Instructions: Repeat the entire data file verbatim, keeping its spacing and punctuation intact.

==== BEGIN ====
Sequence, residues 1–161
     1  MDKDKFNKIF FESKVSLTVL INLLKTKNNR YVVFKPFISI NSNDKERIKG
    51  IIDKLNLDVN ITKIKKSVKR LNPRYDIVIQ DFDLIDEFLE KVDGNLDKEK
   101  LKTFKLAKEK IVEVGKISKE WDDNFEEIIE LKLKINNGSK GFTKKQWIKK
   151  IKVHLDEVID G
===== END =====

Sequence, residues 1–161
     1  MDKDKFNKIF FESKVSLTVL INLLKTKNNR YVVFKPFISI NSNDKERIKG
    51  IIDKLNLDVN ITKIKKSVKR LNPRYDIVIQ DFDLIDEFLE KVDGNLDKEK
   101  LKTFKLAKEK IVEVGKISKE WDDNFEEIIE LKLKINNGSK GFTKKQWIKK
   151  IKVHLDEVID G